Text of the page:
Jadwiga used to announce this every morning at breakfast as she stirred milk into her coffee in the mug with the cat on it.
“B-b-b bir-day, shanana nana. Cococococa.” Cococococa was Marc's name for me. Whether or not it was my birthday, Marc liked to chant B-b-b bir-day, shanana nana. Cococococa this all day long. On the toilet, while he was shaving, and while he was slicing his breakfast banana. Birthdays were a big deal at my L’Arche house where I lived with five adults with intellectual disabilities. Weeks ahead of time, Nathalie, our head of house, would make sure the L’Arche workshop was preparing a beautiful homemade card for you, along with a Happy Birthday banner. You got to invite your favourite people, request your favourite meal and pick the kind of cake you wanted. My favourite food is Indian, and from her years living with Muslim families in Madagascar, Nathalie knew how to make it from scratch. Homemade samosas, papads, chana masala. Eight, nine years later, I can still remember how delicious it was.
Before cake, it was L’Arche tradition to have a birthday prayer. If you weren’t into Christianity, then they wouldn’t read anything from the Bible. But at the time, I was trying to get a thing going on with Jesus and I didn’t mind. For my twentieth birthday, Nathalie picked a verse from the Beatitudes, in the Gospel of Matthew. The line went, “Blessed be the pure in heart, for they shall see God.” Since my twentieth birthday, I have definitely drowned myself in cynicism, negativity and self-deprecation for days, weeks or months on end. During such periods, it is nice to remember that somebody once looked at me and decided I had a pure heart, and that I would see God.
After the bible verse which was short and sweet, Madeleine read a poem that Judith, one of our assistants had helped her write. Madeleine came to L’Arche when she was in her early fifties. Coming to L’Arche, she had all these big dreams. She wanted to learn to read and write, and maybe get a boyfriend and learn to take the bus by herself. Whenever we went to church, she would hold the hymn book open and concentrate so intently on the words, dying to be able to understand. It took her a long time to accept that not all her dreams would come true. Still, she wrote really wonderful poems.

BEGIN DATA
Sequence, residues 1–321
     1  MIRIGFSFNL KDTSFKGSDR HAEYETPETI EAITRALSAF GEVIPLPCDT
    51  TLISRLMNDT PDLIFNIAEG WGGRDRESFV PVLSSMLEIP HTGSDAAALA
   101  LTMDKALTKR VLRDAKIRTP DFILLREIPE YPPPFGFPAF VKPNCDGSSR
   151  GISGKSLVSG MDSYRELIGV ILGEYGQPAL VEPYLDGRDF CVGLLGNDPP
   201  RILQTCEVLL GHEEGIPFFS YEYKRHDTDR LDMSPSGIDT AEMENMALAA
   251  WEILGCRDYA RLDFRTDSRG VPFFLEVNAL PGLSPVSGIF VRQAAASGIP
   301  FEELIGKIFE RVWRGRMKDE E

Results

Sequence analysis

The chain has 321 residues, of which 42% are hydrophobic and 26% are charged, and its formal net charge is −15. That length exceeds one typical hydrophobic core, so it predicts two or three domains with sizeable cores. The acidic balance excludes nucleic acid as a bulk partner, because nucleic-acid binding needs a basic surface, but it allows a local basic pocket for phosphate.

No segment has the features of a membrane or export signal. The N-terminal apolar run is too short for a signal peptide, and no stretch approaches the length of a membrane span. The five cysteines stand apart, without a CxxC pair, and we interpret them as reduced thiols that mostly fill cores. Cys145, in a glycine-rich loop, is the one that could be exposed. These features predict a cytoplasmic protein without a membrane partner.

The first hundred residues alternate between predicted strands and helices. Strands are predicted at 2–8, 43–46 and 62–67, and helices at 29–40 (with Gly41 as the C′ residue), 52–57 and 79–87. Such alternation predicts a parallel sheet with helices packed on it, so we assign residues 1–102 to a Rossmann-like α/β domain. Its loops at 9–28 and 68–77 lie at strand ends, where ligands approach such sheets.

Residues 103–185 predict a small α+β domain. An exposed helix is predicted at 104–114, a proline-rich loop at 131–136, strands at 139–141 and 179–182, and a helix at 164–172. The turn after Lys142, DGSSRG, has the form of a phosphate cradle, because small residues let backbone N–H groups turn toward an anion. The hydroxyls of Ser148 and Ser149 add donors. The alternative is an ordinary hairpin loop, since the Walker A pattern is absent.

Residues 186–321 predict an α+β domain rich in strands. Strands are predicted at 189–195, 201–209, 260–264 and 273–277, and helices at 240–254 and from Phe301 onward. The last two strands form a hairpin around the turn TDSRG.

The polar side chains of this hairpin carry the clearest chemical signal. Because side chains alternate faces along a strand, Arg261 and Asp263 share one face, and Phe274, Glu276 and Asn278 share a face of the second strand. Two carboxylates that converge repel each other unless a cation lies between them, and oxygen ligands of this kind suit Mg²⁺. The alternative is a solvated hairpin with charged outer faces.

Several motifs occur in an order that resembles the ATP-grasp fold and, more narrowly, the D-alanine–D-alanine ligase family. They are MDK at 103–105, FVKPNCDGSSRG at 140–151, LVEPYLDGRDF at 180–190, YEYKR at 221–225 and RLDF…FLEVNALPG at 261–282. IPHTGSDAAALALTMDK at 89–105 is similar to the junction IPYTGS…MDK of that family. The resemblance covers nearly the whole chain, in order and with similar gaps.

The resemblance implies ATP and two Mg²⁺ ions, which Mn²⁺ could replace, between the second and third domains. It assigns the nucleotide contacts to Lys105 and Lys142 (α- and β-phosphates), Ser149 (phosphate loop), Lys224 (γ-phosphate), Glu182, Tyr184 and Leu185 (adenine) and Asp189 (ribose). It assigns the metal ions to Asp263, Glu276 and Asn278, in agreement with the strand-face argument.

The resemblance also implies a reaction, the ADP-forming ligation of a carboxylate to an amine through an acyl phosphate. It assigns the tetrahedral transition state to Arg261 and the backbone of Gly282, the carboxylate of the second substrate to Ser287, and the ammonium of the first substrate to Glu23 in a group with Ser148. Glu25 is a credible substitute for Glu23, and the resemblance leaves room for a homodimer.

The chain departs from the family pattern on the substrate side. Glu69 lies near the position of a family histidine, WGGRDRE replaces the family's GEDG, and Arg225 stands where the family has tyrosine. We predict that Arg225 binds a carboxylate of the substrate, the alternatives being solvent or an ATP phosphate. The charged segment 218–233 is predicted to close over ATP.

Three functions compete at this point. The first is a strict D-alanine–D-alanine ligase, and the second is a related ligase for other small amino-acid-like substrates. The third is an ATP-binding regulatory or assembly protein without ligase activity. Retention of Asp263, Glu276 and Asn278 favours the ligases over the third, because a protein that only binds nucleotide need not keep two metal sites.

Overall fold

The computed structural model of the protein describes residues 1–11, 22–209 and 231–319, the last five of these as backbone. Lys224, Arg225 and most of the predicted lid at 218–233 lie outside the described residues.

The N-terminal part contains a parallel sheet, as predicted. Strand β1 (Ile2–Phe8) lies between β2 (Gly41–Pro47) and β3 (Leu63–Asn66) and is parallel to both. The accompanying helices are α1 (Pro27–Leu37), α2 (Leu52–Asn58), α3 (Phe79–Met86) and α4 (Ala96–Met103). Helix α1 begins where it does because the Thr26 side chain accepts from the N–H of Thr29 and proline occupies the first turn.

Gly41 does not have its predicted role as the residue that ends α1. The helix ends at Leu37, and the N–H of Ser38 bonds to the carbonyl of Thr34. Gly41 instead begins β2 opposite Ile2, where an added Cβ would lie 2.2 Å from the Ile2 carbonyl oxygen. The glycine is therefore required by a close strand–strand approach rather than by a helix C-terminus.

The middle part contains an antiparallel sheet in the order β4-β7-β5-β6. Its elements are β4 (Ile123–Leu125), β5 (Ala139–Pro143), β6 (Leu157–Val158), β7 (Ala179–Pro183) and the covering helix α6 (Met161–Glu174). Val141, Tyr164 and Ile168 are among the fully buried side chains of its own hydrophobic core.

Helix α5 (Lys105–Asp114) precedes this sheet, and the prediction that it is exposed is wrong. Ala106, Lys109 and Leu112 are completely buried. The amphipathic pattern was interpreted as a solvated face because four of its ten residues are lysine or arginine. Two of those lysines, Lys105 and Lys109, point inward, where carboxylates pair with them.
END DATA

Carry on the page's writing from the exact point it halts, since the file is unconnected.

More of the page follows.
Madeleine’s poem began with, “A twentieth birthday is a special day, and you are a very special person.” I will keep it forever. Another L’Arche tradition during birthday prayers was to pass a candle around the table. When it was your turn with the candle, you gave thanks for the things you loved about the person. Some people gave thanks to God, and some people just gave thanks. It all sounds so cheesy and yet, it ended up being pretty perfect.
Madeleine always gave a big speech that was similar to her poems. And thank you, Erica for taking us to the library. And thank you, Erica for that time we walked all the way from… Usually we had to tap her on the shoulder to get her to wrap it up.
Jimmy, a new L’Arche member liked to make speeches too. He was obsessed with Power Rangers, and with me as well. At every birthday, he made fun of me about the time I was having dinner at another L’Arche home and I stuck my hair in my mouth. “Remember, I asked you if you wanted ketchup? I have to tell your mother about that.”
“B-b-birday, cocococoCA, shanana-na-na,” Marc would say a few times. Then he would take my hand and whisper, “Cococococa,” one more time.
Isabelle loved Jesus and prayers. She was the same age as me. Born with cerebral palsy, Isabelle doesn’t move or talk that much, though she laughs and smiles a great deal and says yes and no with her eyes. At my birthday, Nathalie held the candle in front of her face and she broke into hysterics. Over and over again, her eyes looked up.
No matter whose birthday it was, Jadwiga said just about the same thing. "Awe, what should I say? Same as Madeleine. Happy birthday. Keep up the good health. Keep up the good work in L'Arche."
In Halifax, I picked up on a tradition of doing the same number of sun salutations as the age you are turning. Some people also do this many backbends. I tried this tradition for a couple of years and it was fun. Here in Mysore, you can hardly expect the crowds to wait for you as you whip off your age in sun salutations and backbends. But although there is no official birthday tradition, Mysore is just one big birthday party anyways. In most cases, I would advise you that not everyone is as happy as they appear on the Internet. And yet, here I am, and my face and the insides match.
|Fake Rebellious Yoga Selfie I|
The joy is real.